Claude Monet: The Camille Doncieux Years

In the Paris studio of Gleyre, Monet met Renoir, Bazille, and other future Impressionists. He had some success getting his pieces into the official Salon in the 1860’s (exhibiting for the first time in 1865), but many of his more ambitious pieces were rejected.


Also during his time with Gleyre Monet met Camille Doncieux, a woman of modest origins who worked as a model. They had a son together, Jean, in 1867. Monet’s family was unwilling to accept Doncieux or their child. They threatened to discontinue Monet’s allowance unless he abandoned Doncieux. Monet stayed with his family but wanted to be at the bedside when his child was born. As a result, his allowance was cut off. Unfortunately, this made life much more difficult for Monet and the three of them suffered extreme financial hardship, sometimes unable to afford food and often unable to afford paint. This led to the proud Monet attempting suicide by throwing himself into the Seine. He did not succeed and Doncieux helped him to recover both mentally and physically. In June of 1870, they were wed. That same year he submitted two paintings to the Salon, Le Déjeuner sur l’Herbe and La Grenouillère. His rejection caused somewhat of a scandal and two of the three individuals on the jury resigned.

The next month, the Franco-Prussian war began. In an effort to avoid the service, his name still on the reserve list, the newlyweds took refuge in London, England.

Artistically, the London years were not good for Monet. Camille in the Garden with Jean and his Nurse by Claude Monet Gordon and Forge wrote that “he was not yet ready to celebrate the gray gloom of the city, but merely to describe it.” Like the Salon, his paintings were denied by the Royal Academy. Monet moved to Zaandam to continue working. In 1871 he moved back to France, near Paris in Argenteuil where he developed his impressionistic technique.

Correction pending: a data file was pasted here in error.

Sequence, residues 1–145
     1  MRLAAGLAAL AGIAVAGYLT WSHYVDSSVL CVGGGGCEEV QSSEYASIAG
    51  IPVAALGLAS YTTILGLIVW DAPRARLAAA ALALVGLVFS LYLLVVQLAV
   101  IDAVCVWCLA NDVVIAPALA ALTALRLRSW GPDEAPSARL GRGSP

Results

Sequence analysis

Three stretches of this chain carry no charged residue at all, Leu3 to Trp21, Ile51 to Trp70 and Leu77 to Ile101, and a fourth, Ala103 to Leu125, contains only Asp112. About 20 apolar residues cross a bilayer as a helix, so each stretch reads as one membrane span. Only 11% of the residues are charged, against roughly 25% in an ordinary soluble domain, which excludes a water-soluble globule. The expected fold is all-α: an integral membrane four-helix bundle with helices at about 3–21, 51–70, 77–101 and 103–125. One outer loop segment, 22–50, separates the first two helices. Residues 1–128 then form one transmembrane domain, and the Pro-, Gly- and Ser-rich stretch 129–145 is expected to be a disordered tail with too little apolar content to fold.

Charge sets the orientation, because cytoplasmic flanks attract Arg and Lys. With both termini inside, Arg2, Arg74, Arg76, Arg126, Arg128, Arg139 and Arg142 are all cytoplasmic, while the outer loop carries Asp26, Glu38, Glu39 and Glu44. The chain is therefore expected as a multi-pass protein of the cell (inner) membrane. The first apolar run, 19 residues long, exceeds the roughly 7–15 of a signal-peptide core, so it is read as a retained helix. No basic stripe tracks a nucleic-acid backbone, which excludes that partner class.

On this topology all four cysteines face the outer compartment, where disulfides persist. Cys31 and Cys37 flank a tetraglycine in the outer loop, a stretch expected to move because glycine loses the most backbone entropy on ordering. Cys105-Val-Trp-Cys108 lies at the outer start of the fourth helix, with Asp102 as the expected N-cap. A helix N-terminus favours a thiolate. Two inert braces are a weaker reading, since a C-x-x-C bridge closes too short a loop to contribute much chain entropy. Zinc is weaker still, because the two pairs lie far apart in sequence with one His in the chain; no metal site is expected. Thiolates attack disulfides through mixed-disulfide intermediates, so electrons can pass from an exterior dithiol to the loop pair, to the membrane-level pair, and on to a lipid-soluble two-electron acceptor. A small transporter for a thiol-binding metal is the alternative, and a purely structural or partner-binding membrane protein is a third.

In 1874 Monet joined with other artists (including Boudin, Degas, Cezanne, Guillaumin, Berthe Morisot, Pissarro, Renoir and Sisley. Noticeably absent from the group was Manet who never attended any of their exhibitions.) known as the "Société anonyme des artistes peintres, sculpteurs, graveurs”1 in creating their own exhibition. The exhibition was a financial failure and most people who went to the exhibition went for a laugh rather than a love for the art. Monet’s Impression, Sunrise was particularly scorned. One critic called this group “painters of mere impressions.”2 Another said, “The Impressionists apply paint like tongue lickings."3 Originally meant to be derogatory; these artists took the term as a badge of honor and wore it proudly, calling themselves impressionists.

In 1876 Camille fell ill with tuberculosis. Yet, in 1878 she gave birth to a second son, Michel. With his wife’s condition worsening, Monet took his family and moved in with the bankrupted Hoschedes in Vetheuil. It was a terrible time for Monet, in addition to his wife’s deteriorating condition, his paintings were doing poorly. He sold 16 paintings for 200 francs each. Giving birth to a child probably did not help Camille’s frail condition and she died a year later on September 5. Claude Monet was extremely depressed following her death; he even painted Camille on her death bed. This depression drove him into his painting and he became determined to create masterpieces.

Continue to Monet Biography Part 3 - Claude Monet: The Alice Hoschedé Years and On

Sources:
1. http://the-artists.org/movement/Impressionism.html
2. http://www.webexhibits.org/colorart/page18.html
3. http://www.humanitiesweb.org/human.php?s=g&p=c&a=b&ID=35

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"The effect of sincerity is to give one's work the character of a protest. The painter, being concerned only with conveying his impression, simply seeks to be himself and no one else." Claude Monet Quotes